Calhoun: Wake-Up Call

Kristen Stillman, victim of horrific abuse, gives up her children, but still has a bill for their care

The outpouring of support for Kristen Stillman, the survivor of horrific abuse who first told her story in the September 9 issue of Westword, has been amazing. Many, many people want to know how they can help her, and I thought a follow-up that will be published here today would have an answer. But there's no happy ending -- not yet.

That Kristen Stillman can even contemplate a life with any happiness is astonishing. When she was eight, she and her twin brother were left by their mother at a house in northwest Denver, where they were physically and sexually abused. By the time she was twenty, Kristen had four children -- all fathered by her rapist, Eric Torrez. Finally, after a dozen years, she and her brother escaped with the children, only to have the rapist and his son take the kids back, with the blessing of a Denver County court. That launched a two-year journey for justice that has seen Kristen's mother and Eric Torrez put behind bars, and his wife and son sentenced to stiff programs as sex offenders.

Last week, Kristen took the toughest step of all: She voluntarily relinquished her parental rights to her four children, so that they could be adopted into good homes. The kind of home she's never had.

But she has something to remember them by -- a $5,000 bill for their foster care. The Denver Department of Human Services, which did nothing to save Kristen from the abuse she suffered as a child, is billing her for caring for the children that resulted from that abuse.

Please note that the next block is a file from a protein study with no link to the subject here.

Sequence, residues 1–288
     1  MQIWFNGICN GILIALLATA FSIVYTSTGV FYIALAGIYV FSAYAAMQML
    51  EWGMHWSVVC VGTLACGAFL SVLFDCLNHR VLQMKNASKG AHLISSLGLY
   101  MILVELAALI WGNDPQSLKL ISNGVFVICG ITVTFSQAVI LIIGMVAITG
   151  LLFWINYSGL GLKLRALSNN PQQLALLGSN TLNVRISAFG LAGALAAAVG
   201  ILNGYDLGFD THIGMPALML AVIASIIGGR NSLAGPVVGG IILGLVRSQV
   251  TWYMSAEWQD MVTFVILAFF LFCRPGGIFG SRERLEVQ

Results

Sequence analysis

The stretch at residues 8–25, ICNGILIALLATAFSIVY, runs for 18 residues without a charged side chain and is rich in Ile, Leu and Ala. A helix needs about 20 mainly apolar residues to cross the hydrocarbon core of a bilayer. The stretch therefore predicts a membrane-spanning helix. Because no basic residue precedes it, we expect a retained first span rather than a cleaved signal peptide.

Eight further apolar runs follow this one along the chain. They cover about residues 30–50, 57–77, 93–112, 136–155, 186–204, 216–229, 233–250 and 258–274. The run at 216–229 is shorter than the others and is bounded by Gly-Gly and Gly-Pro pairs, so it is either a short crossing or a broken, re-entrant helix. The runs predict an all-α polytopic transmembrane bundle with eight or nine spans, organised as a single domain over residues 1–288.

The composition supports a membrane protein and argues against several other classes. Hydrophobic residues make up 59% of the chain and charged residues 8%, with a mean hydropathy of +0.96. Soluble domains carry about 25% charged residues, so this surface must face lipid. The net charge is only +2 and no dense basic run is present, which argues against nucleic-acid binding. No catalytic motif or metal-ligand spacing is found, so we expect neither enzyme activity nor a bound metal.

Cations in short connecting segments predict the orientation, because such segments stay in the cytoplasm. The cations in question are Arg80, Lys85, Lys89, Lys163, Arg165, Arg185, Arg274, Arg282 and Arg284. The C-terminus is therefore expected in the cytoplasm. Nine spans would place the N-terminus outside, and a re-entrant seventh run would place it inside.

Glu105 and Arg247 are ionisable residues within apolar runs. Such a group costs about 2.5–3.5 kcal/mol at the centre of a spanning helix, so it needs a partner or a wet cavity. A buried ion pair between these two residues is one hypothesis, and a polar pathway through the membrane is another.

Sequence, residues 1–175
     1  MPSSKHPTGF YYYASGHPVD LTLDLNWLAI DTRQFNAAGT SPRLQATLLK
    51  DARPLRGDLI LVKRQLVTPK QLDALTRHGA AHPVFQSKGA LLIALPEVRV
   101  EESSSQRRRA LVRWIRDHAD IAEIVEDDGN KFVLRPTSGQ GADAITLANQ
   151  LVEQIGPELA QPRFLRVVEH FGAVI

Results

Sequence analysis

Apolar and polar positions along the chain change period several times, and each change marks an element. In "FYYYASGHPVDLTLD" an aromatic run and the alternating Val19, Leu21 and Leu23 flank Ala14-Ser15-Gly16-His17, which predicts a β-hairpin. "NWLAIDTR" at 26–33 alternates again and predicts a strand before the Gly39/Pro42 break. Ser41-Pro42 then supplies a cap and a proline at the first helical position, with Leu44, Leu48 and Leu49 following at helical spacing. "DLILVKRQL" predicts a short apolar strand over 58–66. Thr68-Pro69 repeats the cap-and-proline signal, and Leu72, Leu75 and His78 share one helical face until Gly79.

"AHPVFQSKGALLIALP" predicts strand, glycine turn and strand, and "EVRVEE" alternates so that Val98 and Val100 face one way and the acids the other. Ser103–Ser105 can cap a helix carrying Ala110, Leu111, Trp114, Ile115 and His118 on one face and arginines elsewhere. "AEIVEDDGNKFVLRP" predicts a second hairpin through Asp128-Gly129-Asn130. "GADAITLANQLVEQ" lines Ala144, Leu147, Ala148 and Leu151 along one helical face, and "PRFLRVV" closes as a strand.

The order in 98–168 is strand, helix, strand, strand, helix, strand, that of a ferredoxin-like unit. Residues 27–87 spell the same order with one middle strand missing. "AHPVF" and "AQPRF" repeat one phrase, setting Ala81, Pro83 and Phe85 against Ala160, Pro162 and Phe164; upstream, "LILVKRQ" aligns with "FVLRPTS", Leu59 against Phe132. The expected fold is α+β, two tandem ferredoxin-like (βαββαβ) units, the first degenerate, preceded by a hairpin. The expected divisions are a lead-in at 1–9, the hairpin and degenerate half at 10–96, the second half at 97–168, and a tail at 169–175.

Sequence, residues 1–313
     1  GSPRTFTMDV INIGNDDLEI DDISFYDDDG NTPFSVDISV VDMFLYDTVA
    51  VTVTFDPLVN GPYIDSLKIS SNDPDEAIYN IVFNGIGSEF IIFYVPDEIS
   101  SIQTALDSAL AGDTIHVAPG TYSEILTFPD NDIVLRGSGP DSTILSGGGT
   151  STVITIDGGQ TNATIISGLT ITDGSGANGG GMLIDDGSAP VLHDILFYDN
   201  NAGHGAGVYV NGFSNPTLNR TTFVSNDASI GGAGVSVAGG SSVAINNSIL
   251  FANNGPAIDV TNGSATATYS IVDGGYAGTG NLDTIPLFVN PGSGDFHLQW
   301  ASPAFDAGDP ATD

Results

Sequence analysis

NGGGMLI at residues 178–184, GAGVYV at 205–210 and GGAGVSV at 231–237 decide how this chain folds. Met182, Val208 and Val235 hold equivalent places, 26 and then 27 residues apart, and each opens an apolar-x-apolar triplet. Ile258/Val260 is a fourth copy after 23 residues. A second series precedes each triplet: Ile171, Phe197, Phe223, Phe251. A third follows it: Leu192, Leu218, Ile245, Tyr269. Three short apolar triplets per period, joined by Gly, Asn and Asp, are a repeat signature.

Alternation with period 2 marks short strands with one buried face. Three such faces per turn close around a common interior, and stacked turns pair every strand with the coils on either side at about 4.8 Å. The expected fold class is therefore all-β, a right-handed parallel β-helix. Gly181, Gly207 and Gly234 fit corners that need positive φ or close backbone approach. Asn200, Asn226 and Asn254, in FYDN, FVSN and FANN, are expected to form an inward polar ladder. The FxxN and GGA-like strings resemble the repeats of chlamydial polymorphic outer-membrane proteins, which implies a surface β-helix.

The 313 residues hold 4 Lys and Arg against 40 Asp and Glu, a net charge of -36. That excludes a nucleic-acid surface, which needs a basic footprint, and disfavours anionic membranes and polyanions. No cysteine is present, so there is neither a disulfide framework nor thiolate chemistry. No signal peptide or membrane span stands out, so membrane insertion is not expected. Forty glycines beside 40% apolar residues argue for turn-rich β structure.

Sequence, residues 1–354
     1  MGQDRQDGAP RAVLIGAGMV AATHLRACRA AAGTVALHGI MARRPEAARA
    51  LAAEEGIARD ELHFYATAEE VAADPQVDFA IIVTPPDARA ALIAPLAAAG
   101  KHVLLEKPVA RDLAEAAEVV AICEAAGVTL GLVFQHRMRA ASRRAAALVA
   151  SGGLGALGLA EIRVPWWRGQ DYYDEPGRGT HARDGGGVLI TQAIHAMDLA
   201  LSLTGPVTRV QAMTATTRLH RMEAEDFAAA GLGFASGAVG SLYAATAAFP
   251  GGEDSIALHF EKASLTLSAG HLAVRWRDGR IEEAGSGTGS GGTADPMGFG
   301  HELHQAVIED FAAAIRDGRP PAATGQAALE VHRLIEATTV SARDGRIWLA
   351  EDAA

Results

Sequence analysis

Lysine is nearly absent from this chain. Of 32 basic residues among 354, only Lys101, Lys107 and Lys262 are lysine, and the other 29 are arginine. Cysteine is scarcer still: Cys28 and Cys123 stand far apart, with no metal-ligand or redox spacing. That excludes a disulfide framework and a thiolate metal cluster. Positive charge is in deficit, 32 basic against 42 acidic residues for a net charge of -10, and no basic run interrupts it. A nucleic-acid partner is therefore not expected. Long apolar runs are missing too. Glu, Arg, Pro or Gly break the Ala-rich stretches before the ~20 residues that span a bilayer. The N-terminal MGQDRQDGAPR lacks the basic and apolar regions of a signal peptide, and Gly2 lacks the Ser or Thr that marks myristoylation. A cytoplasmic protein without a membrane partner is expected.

Of all the wrongs she's suffered, this one still grates on Kristen. She has no money, but if she did, this is not a bill she feels she should pay. She does not want her well-wishers to pay it, either; their money could go to better causes. Although the Denver Department of Human Services insists it has little leeway in billing parents for foster care -- the rules are included in state statutes -- the Colorado Department of Human Services, which oversees the process, is currently exploring what options exist for dealing with Kristen's bill.

They did not have an answer when this week's paper went to press. But for anyone who's ever heard Kristen's story, the only humane answer is very, very clear.

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Patricia Calhoun co-founded Westword in 1977; she’s been the editor ever since. She’s a regular on the weekly CPT12 roundtable Colorado Inside Out, played a real journalist in John Sayles’s Silver City, once interviewed President Bill Clinton while wearing flip-flops, and has been honored with numerous national awards for her columns and feature-writing.
Contact: Patricia Calhoun